Both pro builders and do-it-yourselfers would agree—the two “must-have” power tools for any workshop are a quality drill/driver and a hand-held circular saw. With the appropriate blade, circular saws are capable of cutting wood, steel, masonry and ceramic tile. They can be used for crosscutting, ripping, mitering and beveling boards or plywood. They can even be used for cutting wood joints such as rabbets or dadoes, making them one of the most versatile saws around.
It’s my understanding that the first portable circ saw was invented in the 1920s, inspired by the need for a more efficient way to harvest sugar cane. After a few tool redesigns and a change in company ownership, the first circ saw manufacturer, the Michel Electric Hand Saw Company, was renamed Skilsaw. And the rest is history. “Skilsaw” became slang for all sorts of handheld circular saws to follow, regardless of manufacturer—much in the same way people down south refer to sodas. (In the South, you’re drinking a “Coke,” no matter if you’re drinking a Sprite or a Pepsi.)
Since its inception, the circ saw has skyrocketed to the top of the power tool wish list. And today’s saws feature adjustable cutting angles, adjustable cutting depths, rip guides and a wealth of new accessories that make using a circ saw easier than ever.
Two primary saw designs are available. The original Skil version, a “worm-drive” saw, has its motor mounted perpendicular to the blade, indirectly driving the blade via worm gears. The second and more common type, the “sidewinder,” was developed by Porter-Cable out of the need to get around the Skil patents. A solid choice for general cutting chores, sidewinders have the blade mounted in-line with the motor’s driveshaft. Sidewinders are lighter, more compact, less expensive and require less maintenance.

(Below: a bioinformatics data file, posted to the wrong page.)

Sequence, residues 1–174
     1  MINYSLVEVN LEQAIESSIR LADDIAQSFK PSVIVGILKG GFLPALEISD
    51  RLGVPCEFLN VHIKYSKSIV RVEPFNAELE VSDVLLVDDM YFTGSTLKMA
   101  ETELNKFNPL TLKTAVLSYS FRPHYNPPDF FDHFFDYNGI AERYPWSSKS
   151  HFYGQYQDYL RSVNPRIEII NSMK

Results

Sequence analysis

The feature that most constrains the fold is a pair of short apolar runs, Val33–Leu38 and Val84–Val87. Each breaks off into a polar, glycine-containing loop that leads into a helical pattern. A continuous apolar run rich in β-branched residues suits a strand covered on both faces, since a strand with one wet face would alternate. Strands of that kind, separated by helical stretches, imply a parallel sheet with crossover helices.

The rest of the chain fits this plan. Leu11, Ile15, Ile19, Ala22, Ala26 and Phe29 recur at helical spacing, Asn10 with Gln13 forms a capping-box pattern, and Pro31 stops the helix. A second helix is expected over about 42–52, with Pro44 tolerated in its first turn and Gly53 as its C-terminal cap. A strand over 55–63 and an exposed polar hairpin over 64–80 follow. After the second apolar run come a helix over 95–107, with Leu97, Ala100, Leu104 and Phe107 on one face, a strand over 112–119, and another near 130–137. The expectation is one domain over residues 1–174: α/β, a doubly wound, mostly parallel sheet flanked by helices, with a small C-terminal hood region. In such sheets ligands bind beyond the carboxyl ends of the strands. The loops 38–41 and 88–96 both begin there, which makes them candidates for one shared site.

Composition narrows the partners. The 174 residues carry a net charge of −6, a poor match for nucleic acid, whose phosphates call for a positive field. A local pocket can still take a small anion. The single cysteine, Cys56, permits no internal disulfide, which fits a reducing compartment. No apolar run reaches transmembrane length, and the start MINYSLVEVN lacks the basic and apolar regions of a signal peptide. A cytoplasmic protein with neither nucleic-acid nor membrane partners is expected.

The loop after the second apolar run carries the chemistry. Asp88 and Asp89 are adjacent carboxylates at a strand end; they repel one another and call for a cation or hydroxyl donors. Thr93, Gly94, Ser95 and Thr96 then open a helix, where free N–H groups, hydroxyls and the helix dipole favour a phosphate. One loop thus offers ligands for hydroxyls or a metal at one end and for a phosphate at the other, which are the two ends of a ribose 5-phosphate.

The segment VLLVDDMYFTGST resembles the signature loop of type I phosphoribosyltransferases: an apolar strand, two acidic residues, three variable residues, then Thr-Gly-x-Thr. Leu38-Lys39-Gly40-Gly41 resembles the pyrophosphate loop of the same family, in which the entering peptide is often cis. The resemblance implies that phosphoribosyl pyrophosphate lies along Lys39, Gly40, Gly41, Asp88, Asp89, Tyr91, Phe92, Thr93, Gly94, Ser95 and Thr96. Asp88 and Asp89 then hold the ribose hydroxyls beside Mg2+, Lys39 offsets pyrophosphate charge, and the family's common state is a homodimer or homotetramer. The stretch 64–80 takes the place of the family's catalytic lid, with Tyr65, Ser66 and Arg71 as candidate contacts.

However, for heavy-duty use, a worm-drive saw can achieve considerably higher torque than the in-line models. For this reason, many pros use both types of saws—a worm-drive saw for framing and a sidewinder for finish work. Plus, Skil no longer corners the worm-drive market. Professional-duty, worm-drive saws are available from Makita, Craftsman, Milwaukee, Ridgid and Bosch.
In recent years, some manufacturers are using what’s called a hypoid gear. The hypoid design is similar to a worm-drive, but while worm-drives connect with two flat, interlocking gears, hypoid gears are tapered for increased surface area. Makita and DeWalt claim their hypoid design delivers more efficient power transfer. Still, many pro framers swear by their worm-drives.
Worm-drive saws, such as the Ridgid model shown, offer higher torque than “sidewinder” models, making them great for cutting thick dimensional lumber like PT posts.
Pick the size of your saw based on what you’ll cut with it. Circ saws are sized by blade diameter. Blade size ranges from 3-inch trim saws up to hefty 16-inch framing models. However, the deepest cut a circ saw can make is less than half the diameter of the blade. For instance, a 6-1/2-inch Bosch cordless model can crosscut (blade at 90 degrees) almost 2-1/8-inch material. The same saw set at a 45-degree bevel has a cutting depth of 1-5/8 inch—enough to bevel-cut a 2-by-4, but not much more. For many users, this capacity may suffice. But if you tackle some major framing projects, you should probably pick a bigger saw. The most popular general-purpose saw is a 7-1/4-inch model with about a 15-amp motor.
Corded saws are measured in amps. Cordless saws, on the other hand, are measured by voltage. Cordless choices range from 14-volt to new 36-volt models, powered by lithium-ion batteries. A good, all-around cordless choice for homeowners is an 18-volt, 6-1/4-inch saw.
Battery-powered saws like this cordless Bosch are more powerful than ever.
The saw’s construction is another thing to keep in mind. Plastic housing is no longer a sign of an inferior tool. However, a wimpy base plate is. A high-quality base plate is an indicator of the saw’s accuracy, and the best saws have base plates made of reinforced cast alloy or heavy-duty plastic. The blade guard should also be sturdily constructed and move out of the way easily. Also consider the saw’s weight, the way it feels in your hand and visibility to the cutting area.